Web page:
Researchers from 21st Century Medicine have developed a new technique to allow long term storage of a near-perfect mammalian brain. It’s a breakthrough that could have serious implications for cryonics, and the futuristic prospect of bringing the frozen dead back to life.
Our bodies aren’t meant for space. We require too much maintenance to speed through the stars. We need a steady supply of things absent from space — namely water, food and oxygen. We crave warmth but won’t find it in deep space, where the average temperature is -455 degrees Fahrenheit. Even if we could survive in an…
It's one of those urban legends that just won't die. Was Walt Disney actually cryogenically frozen after he died so that he could be reanimated in the future? No.
Death is unfathomable and terrifying. We try to stave it off with vitamins, checkups, and exercise, to diminish the awful permanence with beliefs in afterlives and miracles. For some people, that's not enough. There will be no accepting mortality for believers in cryonics, the process of preserving human bodies at low…
The fascinating short documentary We Will Live Again goes inside the Cryonics Institute, where we meet the people behind the freezing process and witnesses (non-explicitly) the acceptance of its hundredth client.
What happens after we die? It's a question that has plagued the human mind since we first developed the concept of "death." The search for an answer—and, more importantly, a means of circumventing its effects—has encited organized religion and served to shape one of the foundations of human culture.
Cryonics enthusiasts will be pleased to hear that scientists have demonstrated the ability to revive frozen life not just after a couple years or even a couple of decades. They can bring something back to life that's been frozen for fifteen centuries. The previous record was just 20 years.
Scientists have learned that a common parasite of sea turtles is capable of surviving ridiculously cold temperatures — a finding that could lead to the development of advanced cryopreservation techniques.
Max More, CEO of the cryonics company Alcor, has produced a video in response to physicist Michio Kaku's surprisingly weak critique of cryonics.
Back in September we told you about Kim Suozzi, the 23-year old neuroscience student who was in the midst of battling terminal brain cancer. Sadly, she passed away last week on January 17th — but not before a successful fundraising campaign managed to secure the funds required to grant Suozzi her dying wish: cryonic…
Cryonics may be a fanciful notion to some and it's certainly an expensive undertaking, but that hasn't stopped a handful of people from having their bodies cryogenically frozen in the hope of being revived in some distant future. Photographer Murray Ballard stepped into the world of cryopreservation with his camera in…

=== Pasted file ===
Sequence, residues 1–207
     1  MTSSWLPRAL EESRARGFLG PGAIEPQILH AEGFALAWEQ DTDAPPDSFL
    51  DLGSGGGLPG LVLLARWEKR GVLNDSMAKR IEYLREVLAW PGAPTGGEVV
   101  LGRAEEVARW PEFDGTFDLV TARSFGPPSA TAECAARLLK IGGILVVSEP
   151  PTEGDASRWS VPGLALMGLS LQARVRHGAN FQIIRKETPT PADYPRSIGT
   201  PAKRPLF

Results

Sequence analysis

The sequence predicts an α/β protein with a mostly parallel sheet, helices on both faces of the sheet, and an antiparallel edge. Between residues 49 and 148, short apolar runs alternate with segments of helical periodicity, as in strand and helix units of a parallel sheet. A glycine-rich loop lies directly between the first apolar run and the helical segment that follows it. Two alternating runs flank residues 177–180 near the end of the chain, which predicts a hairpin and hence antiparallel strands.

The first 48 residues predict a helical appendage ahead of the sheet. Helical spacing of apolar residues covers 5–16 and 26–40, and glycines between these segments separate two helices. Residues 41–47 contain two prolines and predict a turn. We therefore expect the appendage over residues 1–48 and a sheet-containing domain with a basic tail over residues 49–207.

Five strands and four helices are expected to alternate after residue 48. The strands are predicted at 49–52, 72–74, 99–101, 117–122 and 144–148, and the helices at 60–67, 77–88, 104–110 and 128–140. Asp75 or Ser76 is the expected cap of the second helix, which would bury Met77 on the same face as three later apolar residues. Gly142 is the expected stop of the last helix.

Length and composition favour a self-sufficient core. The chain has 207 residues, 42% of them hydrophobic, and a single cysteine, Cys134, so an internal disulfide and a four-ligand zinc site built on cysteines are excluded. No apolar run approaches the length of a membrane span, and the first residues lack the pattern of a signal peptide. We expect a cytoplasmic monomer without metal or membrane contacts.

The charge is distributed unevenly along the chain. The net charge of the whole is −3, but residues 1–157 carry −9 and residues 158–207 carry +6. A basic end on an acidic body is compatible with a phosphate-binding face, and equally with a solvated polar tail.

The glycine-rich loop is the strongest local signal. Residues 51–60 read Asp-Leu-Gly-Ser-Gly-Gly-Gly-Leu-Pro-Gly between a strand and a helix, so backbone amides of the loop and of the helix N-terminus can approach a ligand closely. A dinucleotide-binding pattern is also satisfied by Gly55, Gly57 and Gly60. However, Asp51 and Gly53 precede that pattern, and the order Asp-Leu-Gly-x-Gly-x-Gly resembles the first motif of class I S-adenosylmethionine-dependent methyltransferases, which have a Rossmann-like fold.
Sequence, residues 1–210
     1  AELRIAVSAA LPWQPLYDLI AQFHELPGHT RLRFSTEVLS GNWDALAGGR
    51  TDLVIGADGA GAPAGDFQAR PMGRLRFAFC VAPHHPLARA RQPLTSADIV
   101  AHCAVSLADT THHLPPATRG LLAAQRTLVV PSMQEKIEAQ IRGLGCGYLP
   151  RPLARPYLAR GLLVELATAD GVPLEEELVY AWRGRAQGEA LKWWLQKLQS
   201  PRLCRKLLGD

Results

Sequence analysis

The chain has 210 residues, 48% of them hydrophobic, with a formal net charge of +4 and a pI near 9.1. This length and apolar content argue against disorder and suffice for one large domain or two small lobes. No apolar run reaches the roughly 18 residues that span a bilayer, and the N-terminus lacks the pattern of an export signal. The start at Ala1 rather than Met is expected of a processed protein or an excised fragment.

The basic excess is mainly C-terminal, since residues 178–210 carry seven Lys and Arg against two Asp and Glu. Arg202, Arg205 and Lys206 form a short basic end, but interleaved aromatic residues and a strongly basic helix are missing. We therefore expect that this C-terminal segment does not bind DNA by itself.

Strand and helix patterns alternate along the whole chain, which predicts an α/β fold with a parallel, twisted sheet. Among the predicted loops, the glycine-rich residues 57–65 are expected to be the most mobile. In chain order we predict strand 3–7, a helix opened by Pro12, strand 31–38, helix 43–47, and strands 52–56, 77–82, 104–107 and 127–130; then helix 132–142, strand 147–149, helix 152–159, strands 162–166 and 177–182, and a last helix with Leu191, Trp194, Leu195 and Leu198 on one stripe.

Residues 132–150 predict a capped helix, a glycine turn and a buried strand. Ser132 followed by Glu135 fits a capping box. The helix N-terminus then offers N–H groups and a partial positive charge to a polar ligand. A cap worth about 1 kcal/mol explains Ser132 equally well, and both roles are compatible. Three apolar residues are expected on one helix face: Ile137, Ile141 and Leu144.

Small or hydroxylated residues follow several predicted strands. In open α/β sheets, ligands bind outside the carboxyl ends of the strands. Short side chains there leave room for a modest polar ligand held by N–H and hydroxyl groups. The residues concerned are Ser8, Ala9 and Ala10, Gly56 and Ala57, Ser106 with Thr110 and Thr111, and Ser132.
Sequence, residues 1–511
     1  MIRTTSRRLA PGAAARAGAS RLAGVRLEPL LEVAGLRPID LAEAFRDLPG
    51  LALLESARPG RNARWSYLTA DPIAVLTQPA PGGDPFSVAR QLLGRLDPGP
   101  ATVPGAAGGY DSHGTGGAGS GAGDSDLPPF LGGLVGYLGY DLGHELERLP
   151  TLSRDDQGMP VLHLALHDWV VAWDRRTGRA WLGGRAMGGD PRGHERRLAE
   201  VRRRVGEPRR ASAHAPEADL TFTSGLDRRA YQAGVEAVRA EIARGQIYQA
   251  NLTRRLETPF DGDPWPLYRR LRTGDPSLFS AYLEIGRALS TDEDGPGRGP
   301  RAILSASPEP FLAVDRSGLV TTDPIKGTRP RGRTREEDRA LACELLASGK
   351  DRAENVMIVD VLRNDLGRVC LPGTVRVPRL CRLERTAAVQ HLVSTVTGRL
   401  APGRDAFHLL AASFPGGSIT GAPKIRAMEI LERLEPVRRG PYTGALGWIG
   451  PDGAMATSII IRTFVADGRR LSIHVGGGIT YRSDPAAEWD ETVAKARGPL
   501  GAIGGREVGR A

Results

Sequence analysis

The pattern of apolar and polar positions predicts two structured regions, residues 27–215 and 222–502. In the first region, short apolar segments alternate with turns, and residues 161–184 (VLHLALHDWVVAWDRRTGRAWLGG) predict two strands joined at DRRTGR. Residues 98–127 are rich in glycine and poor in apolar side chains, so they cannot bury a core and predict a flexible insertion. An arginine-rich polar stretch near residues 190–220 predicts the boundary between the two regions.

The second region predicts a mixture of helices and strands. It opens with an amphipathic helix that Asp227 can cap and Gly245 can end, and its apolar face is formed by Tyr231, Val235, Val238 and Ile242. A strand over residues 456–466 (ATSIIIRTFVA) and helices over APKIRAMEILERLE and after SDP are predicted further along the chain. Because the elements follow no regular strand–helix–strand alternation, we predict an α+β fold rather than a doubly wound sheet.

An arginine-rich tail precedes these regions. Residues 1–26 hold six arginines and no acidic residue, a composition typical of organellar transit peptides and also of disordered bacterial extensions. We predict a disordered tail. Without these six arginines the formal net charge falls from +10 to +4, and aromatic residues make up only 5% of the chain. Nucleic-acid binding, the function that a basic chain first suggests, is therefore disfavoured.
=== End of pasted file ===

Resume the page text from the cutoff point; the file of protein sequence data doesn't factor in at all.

Several weeks ago, 23-year old Kim Suozzi asked the Reddit community what she should do with the last few months of her life. Suozzi, who has terminal brain cancer, is only expected to live for another three to six months, making her request all the more urgent. Among the many responses received, Suozzi was…
Are you looking forward to one day preserving your freshly expired body with cryoprotective fluids and waiting for revival, decades or centuries in the future? Several cryopreservation companies cater to this option, but how does one fund this process?
Robert C.W. Ettinger, who famously said that death was for the unprepared and the unimaginative, died on Saturday. But the physics teacher and science fiction writer may be coming back — his family froze his body cryonically.
We've made our love of Gold Key Twilight Zone comics abundantly clear. The comics' twists were abrupt and frequently deranged. In this deliciously absurd strip from 1973's Twilight Zone 50, a rich old codger buys immortality for approximately 15 minutes.
It's not hard to see why, for some, cryonics is an attractive postmortem option; it offers a chance to defy one's very mortality. But for the spouses of the to-be frozen, it can be something else entirely: abandonment and betrayal.
These are pictures of facilities where technicians store cryogenically frozen bodies in the hope that one day they can be revived using advanced technology. Patrick Millard's photos of cryostat tanks blur the line between death and industrial design.
A bizarre legal case pits the family of recently-deceased Mary Robbins against Arizona cryonics company Alcor. Robbins signed a contract with Alcor to have her head cryogenically frozen after her death. But now her daughter won't hand the head over.
This week you can celebrate the science fictional practice of cryonics during Colorado's "Frozen Dead Guy Days," a weekend of revelry devoted to "Grandpa" Bredo Morstoel, a guy who has been cryonically frozen inside a shed for several years. His hope was that at some point he'd be defrosted in a future world where he…